ORLANDO, Fla. – Franklin & Marshall was represented by three students at last week's 2019 NCAA Convention in Orlando. Tyler Schubert '19 (football), Kevin Lammers (football and baseball) '20, and Delano Brown '20 (women's basketball manager) sat in on various meetings and panel discussions while offering valuable input to administrators within the Centennial Conference and the NCAA before their voting on key Division III legislation.
Schubert attended as an Associate Member of the Division III National Student-Athlete Advisory Committee (SAAC), representing the Centennial Conference (CC). Lammers went in the capacity as Co-President of F&M's Student-Athlete Leadership Council (SALC), representing the CC, along with McDaniel football senior Dustin Miller. Brown was selected as part of the Division III Student Immersion Program, a diversity initiative that brings 40 students to the NCAA Convention.
The convention kicked off with the NCAA Honors celebration on Wednesday evening, an event held annually at the Convention to recognize current and former student-athletes for their work on the field and in the classroom, as well as their contributions to society.
Attendees got to hear the stories of many former NCAA athletes, including honorees Mia Hamm, Shaquem Griffin, Maggie Nichols, and 2019 Theodore Roosevelt Award winner, Lt. Gen. Robert L. Caslen Jr. (Ret.), who played football at West Point.
"I couldn't help but notice the common themes in each of their stories: passion, resolve, and commitment," recalled Brown.
While Lammers added, "Regardless of the industry you pursue a career in, the ability to work well within a team and push through setbacks is crucial to success. As student-athletes, we utilize these skills on a daily basis on the field and in the classroom."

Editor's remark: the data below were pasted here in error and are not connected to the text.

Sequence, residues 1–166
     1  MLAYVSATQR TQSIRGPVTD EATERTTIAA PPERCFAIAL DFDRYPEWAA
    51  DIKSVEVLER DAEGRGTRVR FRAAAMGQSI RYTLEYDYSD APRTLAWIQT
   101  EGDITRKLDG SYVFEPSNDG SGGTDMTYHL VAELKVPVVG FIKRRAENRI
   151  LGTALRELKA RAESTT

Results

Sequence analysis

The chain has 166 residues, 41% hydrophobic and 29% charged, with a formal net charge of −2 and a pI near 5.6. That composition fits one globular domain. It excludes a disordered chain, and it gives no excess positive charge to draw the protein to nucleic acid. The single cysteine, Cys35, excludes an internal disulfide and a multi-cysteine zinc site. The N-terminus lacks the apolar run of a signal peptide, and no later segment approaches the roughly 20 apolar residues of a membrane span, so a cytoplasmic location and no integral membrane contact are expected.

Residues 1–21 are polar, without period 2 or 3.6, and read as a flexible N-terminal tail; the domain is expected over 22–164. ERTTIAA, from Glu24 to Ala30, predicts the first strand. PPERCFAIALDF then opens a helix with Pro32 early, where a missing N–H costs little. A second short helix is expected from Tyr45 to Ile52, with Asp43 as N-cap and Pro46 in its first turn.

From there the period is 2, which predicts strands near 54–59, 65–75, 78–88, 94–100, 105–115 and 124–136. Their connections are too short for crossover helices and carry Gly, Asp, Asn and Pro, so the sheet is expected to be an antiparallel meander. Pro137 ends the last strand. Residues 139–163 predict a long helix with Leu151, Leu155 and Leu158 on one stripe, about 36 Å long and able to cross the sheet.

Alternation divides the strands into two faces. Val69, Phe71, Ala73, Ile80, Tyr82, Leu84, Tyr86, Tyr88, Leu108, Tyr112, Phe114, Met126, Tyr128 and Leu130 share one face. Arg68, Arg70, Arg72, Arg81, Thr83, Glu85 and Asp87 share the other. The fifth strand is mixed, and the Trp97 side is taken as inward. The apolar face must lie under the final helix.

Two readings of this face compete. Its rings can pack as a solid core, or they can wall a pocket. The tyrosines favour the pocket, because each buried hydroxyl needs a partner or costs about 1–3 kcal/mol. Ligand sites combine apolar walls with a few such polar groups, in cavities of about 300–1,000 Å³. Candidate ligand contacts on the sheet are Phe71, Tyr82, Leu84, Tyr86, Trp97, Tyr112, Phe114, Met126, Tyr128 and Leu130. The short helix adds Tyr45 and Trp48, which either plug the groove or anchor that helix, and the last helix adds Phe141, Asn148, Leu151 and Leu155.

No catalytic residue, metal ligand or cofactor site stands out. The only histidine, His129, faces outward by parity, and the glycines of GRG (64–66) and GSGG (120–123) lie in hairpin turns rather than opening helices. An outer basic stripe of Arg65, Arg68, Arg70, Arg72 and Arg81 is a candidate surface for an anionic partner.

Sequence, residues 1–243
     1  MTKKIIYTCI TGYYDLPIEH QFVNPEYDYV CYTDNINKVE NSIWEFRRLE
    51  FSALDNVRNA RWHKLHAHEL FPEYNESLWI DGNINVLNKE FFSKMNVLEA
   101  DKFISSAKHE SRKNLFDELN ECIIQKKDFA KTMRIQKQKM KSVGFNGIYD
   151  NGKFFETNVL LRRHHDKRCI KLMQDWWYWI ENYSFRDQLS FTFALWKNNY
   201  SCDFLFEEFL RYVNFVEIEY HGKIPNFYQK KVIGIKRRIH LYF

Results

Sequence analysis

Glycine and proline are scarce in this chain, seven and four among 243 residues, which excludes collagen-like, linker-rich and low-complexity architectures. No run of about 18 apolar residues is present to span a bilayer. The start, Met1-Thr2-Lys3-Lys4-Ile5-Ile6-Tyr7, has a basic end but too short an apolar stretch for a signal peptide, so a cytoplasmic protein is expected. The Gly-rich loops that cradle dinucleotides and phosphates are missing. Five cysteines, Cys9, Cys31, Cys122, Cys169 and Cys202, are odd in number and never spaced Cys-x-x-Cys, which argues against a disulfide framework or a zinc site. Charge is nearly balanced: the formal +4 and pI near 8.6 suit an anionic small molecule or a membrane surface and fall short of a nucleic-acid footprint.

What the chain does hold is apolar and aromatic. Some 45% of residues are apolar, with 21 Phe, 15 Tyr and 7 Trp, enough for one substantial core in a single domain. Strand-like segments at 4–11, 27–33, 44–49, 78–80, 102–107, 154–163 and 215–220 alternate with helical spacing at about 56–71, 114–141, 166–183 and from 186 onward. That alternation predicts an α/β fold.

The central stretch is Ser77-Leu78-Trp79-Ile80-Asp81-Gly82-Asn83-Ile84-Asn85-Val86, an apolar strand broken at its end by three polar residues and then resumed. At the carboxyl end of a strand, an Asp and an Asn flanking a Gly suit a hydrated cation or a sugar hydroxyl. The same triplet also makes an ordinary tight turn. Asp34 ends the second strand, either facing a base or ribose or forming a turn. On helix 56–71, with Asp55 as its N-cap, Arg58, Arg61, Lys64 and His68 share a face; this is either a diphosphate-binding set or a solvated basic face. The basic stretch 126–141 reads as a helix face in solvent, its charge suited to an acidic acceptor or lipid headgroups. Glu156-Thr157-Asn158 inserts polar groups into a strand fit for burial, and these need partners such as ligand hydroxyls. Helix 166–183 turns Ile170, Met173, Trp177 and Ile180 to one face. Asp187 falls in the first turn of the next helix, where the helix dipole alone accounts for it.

The convention was filled with different forums and discussion groups, including voting on legislation for Division III policies. These sessions offered direct insight into the proceedings and policies and concerns that affect student-athletes.
"For the next year, the main issue that the NCAA will be devoting efforts toward is promoting mental health among student-athletes," Lammers shared in reflecting on predominant themes he heard throughout these discussions.
While being a student-athlete is undoubtedly a privilege, it is also a responsibility. It's a responsibility to care for our teammates, our coaches, but most importantly, it's a responsibility to care for ourselves."
A major component of the weekend was mentorship and networking. Individuals from all facets of collegiate sports attended to learn and discuss athletic administration and leadership on the NCAA.
"One of my networking highlights was meeting Kent Trachte, the current president of Lycoming College and former Dean of F&M," said Schubert, who attended the Convention for the second-consecutive year. "It was so interesting comparing our experiences at the College and creating connections through our shared involvement in the Rouse scholarship program
"The convention was the perfect place to network because there were coaches, athletic staff and administrators that were willing to talk and have conversations," added Brown.
I talked to different people and gathered their experiences. As simple chit-chat turned into deeper conversation, I walked away with a greater understanding about their role and responsibilities. Ultimately, I learned how to engage with people, developing skills that will take me further in life."
The three Diplomats participated in a wide range of discussions and events, delving into topics that directly affect the experience of an F&M student-athlete. In this capacity, they were able to ensure that the student's voice was heard.
"In almost all of the sessions, the opinions of student-athletes were encouraged," remarked Lammers. "For this reason, it is so important to continue to welcome current student-athletes to the Convention."
"For most people, sport is just an extracurricular activity but, for them, it was their calling. The student-athletes were not afraid to voice their opinions in front of the crowd of staff and administrators," said Brown. "The students flocked to the mics to ask questions and raise concerns. I truly admired their attitude and character."